The scientists behind some of the most significant advancements in the battle against COVID -19 have been commended in the Queen's Birthday Honours list.
The life-saving work of those involved in the creation of coronavirus vaccines is celebrated in this year's list, with the heroes behind the design of the Oxford-AstraZeneca jab recognised for their efforts.
Its co-designer Sarah Gilbert, professor of vaccinology at Oxford's Jenner Institute and Nuffield Department of Clinical Medicine, has been awarded a damehood.
She said: "We didn't really think that far ahead when we were developing the vaccine, it was all about going from day-to-day and it has been absolutely phenomenal the way the vaccine has been rolled out in so many different ways, it has been very, very impressive.
"It's really great to have the recognition on behalf of the whole team and it is so important to recognise the large number of people who worked very hard to get this vaccine developed, manufactured, tested in trials - all of the clinical trial volunteers without whom we couldn't have tested the vaccine, and now the people working on the vaccine rollout."
Her colleagues, professor Andrew Pollard, director of the Oxford Vaccine Group, and joint chief investigator for the recovery trial searching for COVID treatments, and professor Peter Horby, are both given knighthoods for their services to public health and medical research.
Others recognised in the Queen's Birthday Honours list include footballer Raheem Sterling for his work promoting equality in sport, Liverpool captain Jordan Henderson, as well as celebrities Prue Leith, Jonathan Pryce and Arlene Phillips.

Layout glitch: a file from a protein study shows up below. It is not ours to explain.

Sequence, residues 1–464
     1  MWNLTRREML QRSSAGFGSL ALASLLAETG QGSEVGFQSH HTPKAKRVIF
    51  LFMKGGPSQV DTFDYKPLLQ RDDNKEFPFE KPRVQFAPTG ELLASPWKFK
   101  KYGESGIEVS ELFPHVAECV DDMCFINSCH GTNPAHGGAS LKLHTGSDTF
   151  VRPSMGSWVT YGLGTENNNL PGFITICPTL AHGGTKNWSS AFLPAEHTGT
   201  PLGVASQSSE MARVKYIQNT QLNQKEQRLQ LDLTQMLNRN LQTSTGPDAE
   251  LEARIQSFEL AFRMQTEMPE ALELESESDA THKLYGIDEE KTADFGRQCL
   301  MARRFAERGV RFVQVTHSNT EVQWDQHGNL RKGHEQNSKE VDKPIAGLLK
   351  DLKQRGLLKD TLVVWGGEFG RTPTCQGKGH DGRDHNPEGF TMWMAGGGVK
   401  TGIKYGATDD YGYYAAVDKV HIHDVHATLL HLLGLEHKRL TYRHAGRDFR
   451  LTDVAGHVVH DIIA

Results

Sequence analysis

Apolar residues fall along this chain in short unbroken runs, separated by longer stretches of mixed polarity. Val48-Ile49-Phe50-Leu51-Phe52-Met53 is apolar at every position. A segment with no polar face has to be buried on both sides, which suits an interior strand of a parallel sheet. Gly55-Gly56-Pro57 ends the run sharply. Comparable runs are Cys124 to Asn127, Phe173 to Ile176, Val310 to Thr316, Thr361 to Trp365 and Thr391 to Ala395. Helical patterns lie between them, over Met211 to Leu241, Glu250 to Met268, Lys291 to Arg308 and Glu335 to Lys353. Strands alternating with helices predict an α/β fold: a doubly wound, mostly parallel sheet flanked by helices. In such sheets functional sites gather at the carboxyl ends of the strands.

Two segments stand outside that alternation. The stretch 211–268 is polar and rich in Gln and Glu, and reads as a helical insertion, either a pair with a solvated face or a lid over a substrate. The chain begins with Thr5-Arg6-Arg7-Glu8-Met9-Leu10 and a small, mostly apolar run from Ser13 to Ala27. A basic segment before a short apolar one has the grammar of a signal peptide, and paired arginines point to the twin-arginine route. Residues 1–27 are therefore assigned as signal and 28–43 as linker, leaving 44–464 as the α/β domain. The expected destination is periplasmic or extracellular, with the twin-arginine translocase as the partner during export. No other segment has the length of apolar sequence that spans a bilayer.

England's chief medical officer professor Chris Whitty does not feature on the latest honours list (his regular news conference accomplice Patrick Vallance is already knighted), with it thought to be too early for some figures still at the forefront of the pandemic response to be considered.
However, former chair of the UK vaccine taskforce Kate Bingham has been acknowledged with a damehood.
Her work helped to secure millions of COVID-19 vaccine doses for the UK.
Ms Bingham said she was "humbled" to be recognised in a year when NHS workers have "risked their health and their lives fighting COVID".
"The development of vaccines has been a triumph of scientific and industrial collaboration," she said.
"Just a year ago we were assembling an unproven portfolio of vaccines for the UK.
"Yet in the last six months nearly 70 million vaccine doses have provided unprecedented protection and saved thousands of lives."
Alongside her is the clinical trials workstream lead on the taskforce, Divya Chadha Manek, who is made an OBE for her role in convincing manufacturers to base their trials in the UK.
Many other experts are being honoured, including Professor Paul Elliott - director of the React programme which has tracked COVID-19 cases numbers throughout the pandemic. He's made a CBE for his services to scientific research.
Dr Michael McBride, Northern Ireland's chief medical officer, who played a leading role in region's pandemic response, said he shed tears of joy when he was told he was to be knighted.
"I'm not ashamed to say that, I felt very emotional," he said, "I think it's just a manifestation of the fact that it's been a tough year for each and every one of us."
NHS England's national director of emergency planning and incident response, Professor Keith Willet, has been knighted, too - while former director general of the vaccine taskforce, Nick Elliott, has been made a companion of the Order of the Bath.
Eight employees of pharmaceutical giant AstraZeneca have been celebrated, including the head of vaccine operations, David Hunt, who is made a CBE.
Brexiteers have also been recognised in this year's list, with Conservative former minister Andrea Leadsom leading the way by being made a dame.
She's joined by Oliver Lewis, a veteran of the Vote Leave campaign, who's made a CBE for political and public service.
Other political figures to be commended are Labour MP Meg Hillier, who chairs the Public Accounts Committee; former children's commissioner for England, Anne Longfield; and Labour MP Tony Lloyd.